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Wills or Trusts: What is More Effective in Estate Planning?

People are increasingly seeking to secure their wealth & futures of their legal heirs before any unforeseen circumstances strike. Wills & Trusts are two common methods of estate planning.

An estate means the ‘net worth’ of an individual and includes all land, real estate, possessions, financial securities, cash, and all other assets the person owns or has controlling interests in.

Consequently, estate planning refers to the management of the estate, i.e., the assets and their transfer to the beneficiaries when a person passes away and other financial obligations. This planning, therefore, includes the bequest of assets to legal heirs and settlement of taxation.
The two popular methods of estate planning involve making a Will or a Trust. Both methods have their benefits that may be suited to a certain type of estate. 

Wills: Definition & key features


A Will is a legally enforceable document that entails the wishes of the testator (writer) for the distribution of the assets post death. Dying intestate, i.e., without a Will increases time, cost, dispute, and energy of your legal heirs to understand the rightful transfer of the assets. A Will is important because of the following features:
  • Clarity on who gets assets – what and how much?
  • Exclude estranged people.
  • Helps in taxation.
  • It becomes a public record, thus removing any future ambiguities.
  • Authenticating a Will by the court, known as probate, makes the Will bullet-proof.
  • A Will cannot be challenged in court if all necessary elements are fulfilled. 
  • To ward off any legal challenges to your Will, it is best to have it in a written form and witnessed by at least two persons.
  • A Will may be written by the person themselves, but under the guidance of an ‘Estate and Trust’ lawyer to ensure no gaps.


Trusts: Definition & key features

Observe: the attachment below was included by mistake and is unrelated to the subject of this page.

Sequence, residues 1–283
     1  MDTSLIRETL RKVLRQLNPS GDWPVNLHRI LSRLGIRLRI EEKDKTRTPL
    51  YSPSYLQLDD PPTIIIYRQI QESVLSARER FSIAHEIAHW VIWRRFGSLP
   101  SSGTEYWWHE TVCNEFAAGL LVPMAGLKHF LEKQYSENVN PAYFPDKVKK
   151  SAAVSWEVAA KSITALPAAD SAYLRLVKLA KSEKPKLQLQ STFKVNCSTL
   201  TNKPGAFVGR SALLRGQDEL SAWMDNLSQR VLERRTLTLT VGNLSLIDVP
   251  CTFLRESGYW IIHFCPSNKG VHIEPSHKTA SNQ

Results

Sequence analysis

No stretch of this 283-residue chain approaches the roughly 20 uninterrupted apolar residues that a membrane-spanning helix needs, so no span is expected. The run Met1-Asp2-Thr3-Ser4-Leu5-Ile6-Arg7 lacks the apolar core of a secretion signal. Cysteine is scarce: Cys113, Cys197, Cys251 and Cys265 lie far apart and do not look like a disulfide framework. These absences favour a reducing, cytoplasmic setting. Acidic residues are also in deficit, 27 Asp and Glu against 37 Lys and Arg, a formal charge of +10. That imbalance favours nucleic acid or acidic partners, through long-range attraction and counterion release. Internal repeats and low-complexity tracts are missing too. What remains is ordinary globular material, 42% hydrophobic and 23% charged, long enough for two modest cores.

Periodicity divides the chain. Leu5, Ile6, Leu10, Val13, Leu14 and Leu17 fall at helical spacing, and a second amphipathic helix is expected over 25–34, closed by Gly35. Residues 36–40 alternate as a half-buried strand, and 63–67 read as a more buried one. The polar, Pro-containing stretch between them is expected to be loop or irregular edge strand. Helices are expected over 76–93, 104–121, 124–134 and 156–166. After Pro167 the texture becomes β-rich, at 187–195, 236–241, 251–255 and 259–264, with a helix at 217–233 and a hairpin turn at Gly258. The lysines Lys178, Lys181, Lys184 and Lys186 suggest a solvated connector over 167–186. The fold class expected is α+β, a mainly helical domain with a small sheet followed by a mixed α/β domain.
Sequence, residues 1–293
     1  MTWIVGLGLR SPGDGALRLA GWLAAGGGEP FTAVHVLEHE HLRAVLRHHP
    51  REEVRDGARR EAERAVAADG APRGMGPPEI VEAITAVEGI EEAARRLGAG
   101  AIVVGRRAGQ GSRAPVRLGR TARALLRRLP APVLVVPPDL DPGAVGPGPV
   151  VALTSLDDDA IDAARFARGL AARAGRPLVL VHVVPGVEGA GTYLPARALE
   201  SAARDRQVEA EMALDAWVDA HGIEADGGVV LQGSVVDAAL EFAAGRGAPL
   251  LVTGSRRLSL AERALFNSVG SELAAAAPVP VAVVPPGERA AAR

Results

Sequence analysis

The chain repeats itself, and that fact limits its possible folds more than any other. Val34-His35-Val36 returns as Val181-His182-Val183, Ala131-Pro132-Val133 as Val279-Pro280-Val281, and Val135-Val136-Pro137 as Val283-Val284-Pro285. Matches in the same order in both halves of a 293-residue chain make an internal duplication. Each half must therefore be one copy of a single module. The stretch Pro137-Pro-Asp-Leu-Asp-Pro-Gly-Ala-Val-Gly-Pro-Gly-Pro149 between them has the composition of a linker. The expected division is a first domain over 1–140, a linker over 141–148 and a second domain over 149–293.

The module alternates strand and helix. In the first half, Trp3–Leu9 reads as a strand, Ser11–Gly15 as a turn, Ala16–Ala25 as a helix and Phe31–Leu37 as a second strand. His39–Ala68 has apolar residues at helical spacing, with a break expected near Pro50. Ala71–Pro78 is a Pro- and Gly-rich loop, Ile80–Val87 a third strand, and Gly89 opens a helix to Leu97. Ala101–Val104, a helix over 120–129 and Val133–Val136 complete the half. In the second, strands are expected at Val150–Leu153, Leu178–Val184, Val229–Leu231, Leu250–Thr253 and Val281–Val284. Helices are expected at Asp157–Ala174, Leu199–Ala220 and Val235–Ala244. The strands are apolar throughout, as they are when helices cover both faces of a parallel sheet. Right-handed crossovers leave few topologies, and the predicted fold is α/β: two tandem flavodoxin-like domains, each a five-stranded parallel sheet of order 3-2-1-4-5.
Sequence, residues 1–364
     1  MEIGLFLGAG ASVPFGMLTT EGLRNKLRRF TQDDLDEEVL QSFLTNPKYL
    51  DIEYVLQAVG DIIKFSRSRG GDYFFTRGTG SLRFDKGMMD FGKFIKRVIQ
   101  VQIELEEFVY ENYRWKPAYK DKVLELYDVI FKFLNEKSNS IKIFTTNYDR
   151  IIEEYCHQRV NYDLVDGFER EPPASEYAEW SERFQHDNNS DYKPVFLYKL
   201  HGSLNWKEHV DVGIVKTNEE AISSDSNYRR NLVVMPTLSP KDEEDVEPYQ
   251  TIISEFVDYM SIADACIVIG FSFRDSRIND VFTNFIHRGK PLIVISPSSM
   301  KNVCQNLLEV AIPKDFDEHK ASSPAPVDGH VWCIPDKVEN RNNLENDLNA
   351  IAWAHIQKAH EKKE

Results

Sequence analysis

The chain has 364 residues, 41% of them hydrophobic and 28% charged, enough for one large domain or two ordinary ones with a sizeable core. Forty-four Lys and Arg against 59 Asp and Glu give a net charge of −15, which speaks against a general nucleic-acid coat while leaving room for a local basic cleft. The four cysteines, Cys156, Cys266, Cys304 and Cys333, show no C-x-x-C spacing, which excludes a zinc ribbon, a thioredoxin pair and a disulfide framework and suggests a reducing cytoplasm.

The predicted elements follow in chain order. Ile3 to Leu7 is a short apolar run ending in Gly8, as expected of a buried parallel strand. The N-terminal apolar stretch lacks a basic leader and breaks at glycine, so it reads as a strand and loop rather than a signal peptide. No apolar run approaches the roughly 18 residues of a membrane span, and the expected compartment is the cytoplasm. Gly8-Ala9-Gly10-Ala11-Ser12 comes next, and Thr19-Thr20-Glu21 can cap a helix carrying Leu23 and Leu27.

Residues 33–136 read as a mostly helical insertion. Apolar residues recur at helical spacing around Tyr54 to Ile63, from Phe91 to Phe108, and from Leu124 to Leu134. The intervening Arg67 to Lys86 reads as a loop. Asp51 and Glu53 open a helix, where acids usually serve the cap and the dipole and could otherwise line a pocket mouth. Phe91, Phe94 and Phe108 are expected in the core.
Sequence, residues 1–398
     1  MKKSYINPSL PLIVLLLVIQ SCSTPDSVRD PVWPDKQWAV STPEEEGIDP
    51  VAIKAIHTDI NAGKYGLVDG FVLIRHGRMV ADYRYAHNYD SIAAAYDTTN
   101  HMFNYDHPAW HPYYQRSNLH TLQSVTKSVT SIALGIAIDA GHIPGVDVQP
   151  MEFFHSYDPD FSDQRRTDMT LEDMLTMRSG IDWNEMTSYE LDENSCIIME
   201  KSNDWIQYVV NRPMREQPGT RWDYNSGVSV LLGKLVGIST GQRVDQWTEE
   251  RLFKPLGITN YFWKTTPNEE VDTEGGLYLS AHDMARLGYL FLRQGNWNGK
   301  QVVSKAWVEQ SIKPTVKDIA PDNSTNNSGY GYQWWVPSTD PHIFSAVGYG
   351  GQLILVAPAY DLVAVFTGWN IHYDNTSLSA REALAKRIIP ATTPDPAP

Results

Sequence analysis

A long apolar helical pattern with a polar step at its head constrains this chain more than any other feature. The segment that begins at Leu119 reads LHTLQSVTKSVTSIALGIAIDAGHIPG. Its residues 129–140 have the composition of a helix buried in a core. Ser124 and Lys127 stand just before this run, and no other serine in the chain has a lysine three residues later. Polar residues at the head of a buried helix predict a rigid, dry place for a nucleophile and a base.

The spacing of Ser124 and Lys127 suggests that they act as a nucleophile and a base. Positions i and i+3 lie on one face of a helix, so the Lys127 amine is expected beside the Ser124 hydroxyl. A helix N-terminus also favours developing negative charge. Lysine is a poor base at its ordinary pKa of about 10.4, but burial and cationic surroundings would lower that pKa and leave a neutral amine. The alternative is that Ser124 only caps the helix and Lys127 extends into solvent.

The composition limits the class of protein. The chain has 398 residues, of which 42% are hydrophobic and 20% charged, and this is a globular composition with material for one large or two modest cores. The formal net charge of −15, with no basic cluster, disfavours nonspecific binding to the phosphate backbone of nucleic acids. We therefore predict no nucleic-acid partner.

A Trust is a type of fiduciary relationship in which a party, known as the trustor, gives the other party, the trustee, a right to hold title in property or assets for the benefit of another third party, who is the ultimate ‘beneficiary’. Trusts ensure that assets are managed according to the wishes of the trustor and help save time, paperwork and legalities. The key features of a Trust are as follows:
  • Trusts can be used to achieve a variety of specific goals.
  • It has six broad categories – living, testamentary, funded, unfunded, revocable and irrevocable – thus, making it a flexible option.
  • A Trust maintains confidentiality about the assets and their value.
  • Effective in reducing taxation on capital and income, particularly for the beneficiary.
  • Allows for distribution over time, in case you do not trust the beneficiary to handle all assets at once.
  • Trusts are frequently used in estate planning to benefit and provide for the distribution of assets to the heirs of the grantor.


Wills vs. Trusts: A comparison of features


 The following is an illustration of a comparison between the features of a Will and Trust:


GROUND WILL TRUST
 Name of Guardian for Minors  Yes  No
 Probate Requirement   Yes  No
 Revision/Alteration   Yes  Yes, if it is a ‘revocable’ Trust
 Type of Record   Public  Private
 Assets All assets of the testator  Specific assets, as stated in the deed 
 Effective  On death  On transfer, even while trustor is alive 
 Revocation    Any time before the death of the testator   Depends on type of Trust
 

What is more effective, Wills or Trusts?


As mentioned before, estates can be planned either on the foundation of a Will or a Trust:

Estate planned on the basis of Wills